Imagine if I could have that entire conversation without all the typing. Sure, the Assistant technology alone is great, but the whole hands-free help thing offered by Google Home? That's just awesome. I mean, just look at its list of features.
Requirements: Wi-Fi. Compatible with Fire OS, Android, and iOS devices and accessible via web browser.
Before there was Google Home, there was Amazon Echo -- which Shamis tells me is what he used first. The Echo is powered by Alexa, Amazon’s voice recognition technology, which is used less for search engine capabilities, and more for instant information like sports scores, weather, and news.
Despite his happiness with Google Home, there are still some things about the Amazon Echo that Shamis misses. He’s particularly nostalgic, he told me, for the ability to quickly buy things with the Echo. For example, he told me, “Things like, ‘Alexa, buy more dog food’ were extremely helpful.”
And another key differentiator for him? Echo’s Spotify integration. "‘Alexa, play Spotify’ would pick up where I left off on my phone,” he explained. “‘Hey Google, play Spotify’ will play something completely random.”
But when I asked Shamis if he’d advise someone to get both, his answer was a resounding “no.”
“It’s one or the other,” he said, since “there’s enough overlap that you don’t need both. I think it becomes a personal preference.”
That’s not to say it’s impossible to use both, especially for one’s personal entertainment -- like in this video of the two devices speaking to each other.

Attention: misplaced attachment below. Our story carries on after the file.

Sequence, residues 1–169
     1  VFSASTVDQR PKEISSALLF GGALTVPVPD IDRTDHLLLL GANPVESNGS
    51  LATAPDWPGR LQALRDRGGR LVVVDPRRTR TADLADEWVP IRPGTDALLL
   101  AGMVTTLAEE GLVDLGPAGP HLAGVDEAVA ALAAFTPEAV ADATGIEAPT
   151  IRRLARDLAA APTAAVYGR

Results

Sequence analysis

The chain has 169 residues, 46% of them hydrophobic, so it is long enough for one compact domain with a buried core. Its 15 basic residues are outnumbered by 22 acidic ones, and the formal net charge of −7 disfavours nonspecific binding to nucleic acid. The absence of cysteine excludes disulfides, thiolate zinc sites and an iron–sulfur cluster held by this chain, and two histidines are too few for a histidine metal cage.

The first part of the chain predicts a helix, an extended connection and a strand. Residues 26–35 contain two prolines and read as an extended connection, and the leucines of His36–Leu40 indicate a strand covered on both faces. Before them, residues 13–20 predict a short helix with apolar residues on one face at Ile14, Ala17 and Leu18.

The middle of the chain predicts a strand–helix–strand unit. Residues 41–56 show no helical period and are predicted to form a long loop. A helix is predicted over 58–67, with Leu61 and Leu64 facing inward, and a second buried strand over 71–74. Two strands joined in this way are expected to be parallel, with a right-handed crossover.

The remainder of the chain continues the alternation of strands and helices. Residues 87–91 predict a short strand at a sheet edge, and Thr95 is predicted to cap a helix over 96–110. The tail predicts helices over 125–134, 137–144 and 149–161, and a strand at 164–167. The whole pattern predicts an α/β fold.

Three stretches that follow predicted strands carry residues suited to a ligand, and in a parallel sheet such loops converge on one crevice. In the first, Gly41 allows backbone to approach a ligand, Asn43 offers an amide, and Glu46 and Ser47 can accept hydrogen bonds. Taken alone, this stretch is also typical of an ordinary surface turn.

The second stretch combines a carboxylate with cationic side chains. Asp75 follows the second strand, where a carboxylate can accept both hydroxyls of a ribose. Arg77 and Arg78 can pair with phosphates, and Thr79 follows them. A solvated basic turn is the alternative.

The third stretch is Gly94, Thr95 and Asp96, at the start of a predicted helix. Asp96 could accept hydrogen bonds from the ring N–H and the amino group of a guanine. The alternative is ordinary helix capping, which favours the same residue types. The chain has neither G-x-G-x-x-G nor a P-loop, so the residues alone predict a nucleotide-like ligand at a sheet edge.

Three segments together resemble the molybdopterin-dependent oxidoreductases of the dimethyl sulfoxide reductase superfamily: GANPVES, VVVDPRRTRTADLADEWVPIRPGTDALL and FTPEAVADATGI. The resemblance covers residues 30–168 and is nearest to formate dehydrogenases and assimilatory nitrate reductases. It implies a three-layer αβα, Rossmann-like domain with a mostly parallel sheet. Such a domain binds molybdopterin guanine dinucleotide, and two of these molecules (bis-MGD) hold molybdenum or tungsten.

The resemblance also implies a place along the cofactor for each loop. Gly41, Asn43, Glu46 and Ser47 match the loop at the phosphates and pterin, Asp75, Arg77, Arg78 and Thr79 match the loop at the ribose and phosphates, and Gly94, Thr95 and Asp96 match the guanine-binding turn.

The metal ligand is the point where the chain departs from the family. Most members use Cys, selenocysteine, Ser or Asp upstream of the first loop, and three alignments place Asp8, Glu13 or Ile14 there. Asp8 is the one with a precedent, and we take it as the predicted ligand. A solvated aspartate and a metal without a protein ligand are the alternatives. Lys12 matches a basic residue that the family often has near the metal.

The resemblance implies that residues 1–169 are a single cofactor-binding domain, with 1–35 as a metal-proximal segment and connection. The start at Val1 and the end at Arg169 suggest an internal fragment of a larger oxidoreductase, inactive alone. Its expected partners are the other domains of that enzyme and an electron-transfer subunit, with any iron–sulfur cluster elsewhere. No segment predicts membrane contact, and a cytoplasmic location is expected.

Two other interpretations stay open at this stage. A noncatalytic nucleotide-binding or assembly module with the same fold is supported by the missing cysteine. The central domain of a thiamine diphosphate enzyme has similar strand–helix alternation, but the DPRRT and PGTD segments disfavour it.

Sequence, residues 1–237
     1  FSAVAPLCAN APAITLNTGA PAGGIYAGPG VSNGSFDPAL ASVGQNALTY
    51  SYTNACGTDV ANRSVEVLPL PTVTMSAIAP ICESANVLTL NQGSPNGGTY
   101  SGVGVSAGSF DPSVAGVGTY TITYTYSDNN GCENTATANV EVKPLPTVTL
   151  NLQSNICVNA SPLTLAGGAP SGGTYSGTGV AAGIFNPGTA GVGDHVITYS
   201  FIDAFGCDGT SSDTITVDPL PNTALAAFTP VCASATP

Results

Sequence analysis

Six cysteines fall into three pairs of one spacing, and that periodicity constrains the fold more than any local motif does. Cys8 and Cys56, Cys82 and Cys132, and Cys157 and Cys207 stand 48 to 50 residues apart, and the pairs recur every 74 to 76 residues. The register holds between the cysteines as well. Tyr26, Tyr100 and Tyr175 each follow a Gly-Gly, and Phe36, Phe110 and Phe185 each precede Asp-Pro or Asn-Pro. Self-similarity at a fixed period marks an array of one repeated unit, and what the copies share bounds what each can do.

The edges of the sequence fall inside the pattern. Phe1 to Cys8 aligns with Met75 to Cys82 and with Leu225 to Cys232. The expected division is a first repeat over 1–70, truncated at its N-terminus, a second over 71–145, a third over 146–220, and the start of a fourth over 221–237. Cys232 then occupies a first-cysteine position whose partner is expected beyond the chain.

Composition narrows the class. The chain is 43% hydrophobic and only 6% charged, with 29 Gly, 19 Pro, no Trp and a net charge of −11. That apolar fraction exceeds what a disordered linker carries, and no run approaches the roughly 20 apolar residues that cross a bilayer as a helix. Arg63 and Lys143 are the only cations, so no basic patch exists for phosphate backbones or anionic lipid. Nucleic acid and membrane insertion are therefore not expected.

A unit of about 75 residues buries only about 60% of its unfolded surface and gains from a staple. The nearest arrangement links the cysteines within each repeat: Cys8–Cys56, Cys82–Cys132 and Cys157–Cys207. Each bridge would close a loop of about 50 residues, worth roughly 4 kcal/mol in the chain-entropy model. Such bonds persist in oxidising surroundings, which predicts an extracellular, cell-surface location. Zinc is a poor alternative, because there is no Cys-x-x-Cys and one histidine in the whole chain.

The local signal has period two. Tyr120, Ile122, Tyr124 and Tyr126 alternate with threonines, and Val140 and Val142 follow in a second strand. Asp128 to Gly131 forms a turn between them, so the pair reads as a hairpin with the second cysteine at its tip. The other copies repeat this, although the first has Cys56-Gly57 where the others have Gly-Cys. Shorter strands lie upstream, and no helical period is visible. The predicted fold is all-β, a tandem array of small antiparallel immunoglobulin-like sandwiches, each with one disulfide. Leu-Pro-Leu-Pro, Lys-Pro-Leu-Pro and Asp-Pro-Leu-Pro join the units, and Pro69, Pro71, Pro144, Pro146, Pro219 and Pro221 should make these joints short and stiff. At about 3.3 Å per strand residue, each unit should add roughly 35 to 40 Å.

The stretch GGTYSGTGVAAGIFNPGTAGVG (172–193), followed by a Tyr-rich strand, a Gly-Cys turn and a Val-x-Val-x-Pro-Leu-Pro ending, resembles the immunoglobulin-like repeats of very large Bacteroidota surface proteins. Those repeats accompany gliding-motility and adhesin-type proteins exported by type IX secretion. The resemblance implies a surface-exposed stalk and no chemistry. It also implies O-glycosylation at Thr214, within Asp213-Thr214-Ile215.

Visit the official website for Julie Desk, and you’ll be faced with a question: “Want to get back 1 hour in your work day?”
Um, yes. That’s what Julie Desk was created to do -- to save us the countless time we spent on managing our respective calendars. And admittedly, for me, that’s a lot.
But starting with that question, Julie Desk’s website is a compelling example of great user experience -- which hints at its capacity to work on behalf of, well, you, the user. Have a look:
There are are few things about Julie Desk that delight us. To start, there are no downloads required, since Julie -- as she’s casually called -- works with your existing email client.
When you first sign up for the service, you’ll be asked for your meeting preferences, like time of day, location, and mode of transportation.
It takes about 24 hours for Julie to get you completely enrolled in the service, probably because there’s a human element -- the service is constantly monitored by actual people to make sure nothing goes awry. But once you’re set up, that’s when the fun begins. Every time you receive an email requesting a meeting, just copy Julie on your reply -- she’ll take it from there.
Here’s more on how it works:
Appy, Healthy, More Productive
From online human interaction, to digital voice recognition, to a virtual meeting scheduler, these apps might not cover everything, but they certainly make life easier.
Sure, it would be nice if there was a tool out there to, say, virtually clean the entire house. Until that becomes available, we’re not entirely far off. And some of these resources could at least provide information on home-cleaning-made-easy hacks -- but only if you ask.
Remember when any of these tools seemed like “a thing of the future”? They’re here -- and we can’t wait to see what’s next.
What are your favorite personal assistant apps? Let us know in the comments.
Originally published Dec 23, 2016 8:00:00 AM, updated February 01 2017